disclosing. PIPEDA prohibits disclosure of the information unless the requirements
of the law enforcement provision are met, including that the government institution
discloses a lawful authority to obtain, not simply to ask for the information: s.
7(3)(c.1)(ii). On the Crowns reading of these provisions, PIPEDAs protections
become virtually meaningless in the face of a police request for personal information:
the lawful authority is a simple request without power to compel and, because there
was a simple request, the institution is no longer prohibited by law from disclosing
the information.

[71]

Lawful authority in s. 7(3)(c.1)(ii) of PIPEDA must be contrasted with

s. 7(3)(c), which provides that personal information may be disclosed without consent
where required to comply with a subpoena or warrant issued or an order made by a
court, person or body with jurisdiction to compel the production of information, or to
comply with rules of court relating to the production of records. The reference to
lawful authority in s. 7(3)(c.1)(ii) must mean something other than a subpoena or

[search] warrant. Lawful authority may include several things. It may refer to the
common law authority of the police to ask questions relating to matters that are not
subject to a reasonable expectation of privacy. It may refer to the authority of police
to conduct warrantless searches under exigent circumstances or where authorized by a
reasonable law: Collins. As the intervener the Privacy Commissioner of Canada
submitted, interpreting lawful authority as requiring more than a bare request by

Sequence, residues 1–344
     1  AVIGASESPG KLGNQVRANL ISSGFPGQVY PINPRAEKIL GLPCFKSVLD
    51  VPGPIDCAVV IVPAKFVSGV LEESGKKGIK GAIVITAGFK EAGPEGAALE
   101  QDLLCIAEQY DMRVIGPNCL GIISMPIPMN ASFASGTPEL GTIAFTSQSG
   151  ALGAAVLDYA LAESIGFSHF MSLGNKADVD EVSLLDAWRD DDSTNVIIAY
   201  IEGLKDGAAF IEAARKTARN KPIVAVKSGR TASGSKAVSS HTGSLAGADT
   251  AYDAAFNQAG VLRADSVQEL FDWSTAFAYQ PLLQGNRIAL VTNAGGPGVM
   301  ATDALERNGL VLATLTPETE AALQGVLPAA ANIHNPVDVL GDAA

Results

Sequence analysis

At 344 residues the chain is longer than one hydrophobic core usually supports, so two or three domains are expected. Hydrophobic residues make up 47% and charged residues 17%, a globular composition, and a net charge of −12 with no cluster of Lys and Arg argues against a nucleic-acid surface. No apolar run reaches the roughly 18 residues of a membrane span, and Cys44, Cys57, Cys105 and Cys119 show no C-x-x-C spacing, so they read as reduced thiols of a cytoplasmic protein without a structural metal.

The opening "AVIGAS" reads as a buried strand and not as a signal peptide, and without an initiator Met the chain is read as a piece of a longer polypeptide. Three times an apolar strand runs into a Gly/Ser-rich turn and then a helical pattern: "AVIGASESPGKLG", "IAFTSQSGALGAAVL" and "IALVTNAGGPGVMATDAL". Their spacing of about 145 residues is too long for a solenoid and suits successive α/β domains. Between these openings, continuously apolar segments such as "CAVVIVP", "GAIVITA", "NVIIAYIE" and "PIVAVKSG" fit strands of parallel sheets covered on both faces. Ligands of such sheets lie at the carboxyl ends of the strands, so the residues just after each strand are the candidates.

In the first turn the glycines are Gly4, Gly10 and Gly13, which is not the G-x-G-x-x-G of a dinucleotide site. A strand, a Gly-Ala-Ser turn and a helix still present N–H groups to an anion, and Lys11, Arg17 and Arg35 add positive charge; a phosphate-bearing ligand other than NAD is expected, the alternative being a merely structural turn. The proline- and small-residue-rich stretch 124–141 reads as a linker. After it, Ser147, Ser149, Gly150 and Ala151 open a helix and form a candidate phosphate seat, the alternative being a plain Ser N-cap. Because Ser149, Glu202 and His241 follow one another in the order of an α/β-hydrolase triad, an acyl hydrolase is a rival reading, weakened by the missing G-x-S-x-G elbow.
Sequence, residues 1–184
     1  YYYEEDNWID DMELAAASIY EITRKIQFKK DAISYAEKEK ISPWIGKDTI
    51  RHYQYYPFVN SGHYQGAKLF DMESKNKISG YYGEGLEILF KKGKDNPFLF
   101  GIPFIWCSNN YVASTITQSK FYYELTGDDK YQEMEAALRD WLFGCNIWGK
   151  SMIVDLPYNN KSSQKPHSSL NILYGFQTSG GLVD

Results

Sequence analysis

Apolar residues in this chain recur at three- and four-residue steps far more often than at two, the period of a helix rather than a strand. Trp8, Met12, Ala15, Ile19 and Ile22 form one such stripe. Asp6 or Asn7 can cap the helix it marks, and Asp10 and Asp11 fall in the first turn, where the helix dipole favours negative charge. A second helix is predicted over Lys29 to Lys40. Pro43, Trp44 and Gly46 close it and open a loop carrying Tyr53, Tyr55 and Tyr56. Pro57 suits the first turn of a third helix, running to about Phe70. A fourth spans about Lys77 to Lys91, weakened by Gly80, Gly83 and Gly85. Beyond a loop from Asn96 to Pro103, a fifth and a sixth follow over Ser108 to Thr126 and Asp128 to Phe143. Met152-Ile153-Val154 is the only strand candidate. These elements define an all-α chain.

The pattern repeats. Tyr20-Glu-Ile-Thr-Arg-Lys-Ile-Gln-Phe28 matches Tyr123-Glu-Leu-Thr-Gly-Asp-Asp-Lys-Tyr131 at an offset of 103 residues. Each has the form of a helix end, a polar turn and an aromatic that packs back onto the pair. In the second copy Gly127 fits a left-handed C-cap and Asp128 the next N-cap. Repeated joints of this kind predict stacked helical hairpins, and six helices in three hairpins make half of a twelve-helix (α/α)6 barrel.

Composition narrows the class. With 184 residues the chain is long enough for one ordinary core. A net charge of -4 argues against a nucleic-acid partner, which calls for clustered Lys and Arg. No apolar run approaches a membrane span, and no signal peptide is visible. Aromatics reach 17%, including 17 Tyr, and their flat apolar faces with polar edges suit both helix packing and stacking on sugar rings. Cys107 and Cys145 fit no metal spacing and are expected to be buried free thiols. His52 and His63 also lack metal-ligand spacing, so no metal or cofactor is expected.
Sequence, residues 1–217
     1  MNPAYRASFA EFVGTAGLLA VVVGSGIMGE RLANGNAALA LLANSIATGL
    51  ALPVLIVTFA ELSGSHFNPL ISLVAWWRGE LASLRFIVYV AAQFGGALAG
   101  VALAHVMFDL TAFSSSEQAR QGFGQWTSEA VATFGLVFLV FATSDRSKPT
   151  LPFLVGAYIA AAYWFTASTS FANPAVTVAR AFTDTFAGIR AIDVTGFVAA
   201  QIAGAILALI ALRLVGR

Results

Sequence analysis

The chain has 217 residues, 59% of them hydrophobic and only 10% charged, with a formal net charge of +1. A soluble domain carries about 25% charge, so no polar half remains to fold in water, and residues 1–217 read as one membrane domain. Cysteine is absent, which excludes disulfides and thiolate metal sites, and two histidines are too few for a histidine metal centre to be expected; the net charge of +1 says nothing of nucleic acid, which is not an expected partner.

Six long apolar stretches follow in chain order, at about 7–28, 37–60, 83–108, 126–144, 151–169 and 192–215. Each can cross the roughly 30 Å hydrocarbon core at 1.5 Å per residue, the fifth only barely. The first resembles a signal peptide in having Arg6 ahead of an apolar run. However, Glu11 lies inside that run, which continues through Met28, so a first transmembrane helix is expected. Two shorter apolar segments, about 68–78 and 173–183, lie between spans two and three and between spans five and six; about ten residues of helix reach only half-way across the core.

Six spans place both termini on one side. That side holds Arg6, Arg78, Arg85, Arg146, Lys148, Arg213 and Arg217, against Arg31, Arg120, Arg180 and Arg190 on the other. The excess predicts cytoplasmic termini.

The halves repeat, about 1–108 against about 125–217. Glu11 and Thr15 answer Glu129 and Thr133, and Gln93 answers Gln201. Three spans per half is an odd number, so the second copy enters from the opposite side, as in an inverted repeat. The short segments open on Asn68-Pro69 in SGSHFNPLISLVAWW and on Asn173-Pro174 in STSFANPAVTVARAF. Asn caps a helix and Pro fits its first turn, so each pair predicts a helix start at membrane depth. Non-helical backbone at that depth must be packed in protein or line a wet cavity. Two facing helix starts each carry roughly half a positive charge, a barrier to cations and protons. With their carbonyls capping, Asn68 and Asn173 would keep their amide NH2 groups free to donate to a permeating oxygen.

law enforcement gives this term a meaningful role to play in the context of s. 7(3) and
should be preferred over alternative meanings that do not do so. In short, I agree with
the Ontario Court of Appeal in Ward on this point that neither s. 487.014(1) of the
Code, nor PIPEDA creates any police search and seizure powers: para. 46.

[72]

I recognize that this conclusion differs from that of the Saskatchewan

Court of Appeal in Trapp, at para. 66, and the British Columbia Supreme Court in R.
v. McNeice, 2010 BCSC 1544 (CanLII), at para. 43. The Court of Appeal in Trapp
read s. 487.014(1) together with s. 29(2)(g) of the Freedom of Information and
Protection of Privacy Act, S.S. 1990-91, c. F-22.01, an analogous provision to
s. 7(3)(c.1)(ii) of PIPEDA,

although one from which the lawful authority

requirement is absent. The court held that s. 487.014(1) gave the police a power to
make any inquiries that were not otherwise prohibited by law. The court in McNeice
took the same approach, although that case concerned s. 7(3)(c.1)(ii) of PIPEDA, the
same provision at issue in this case.

[73]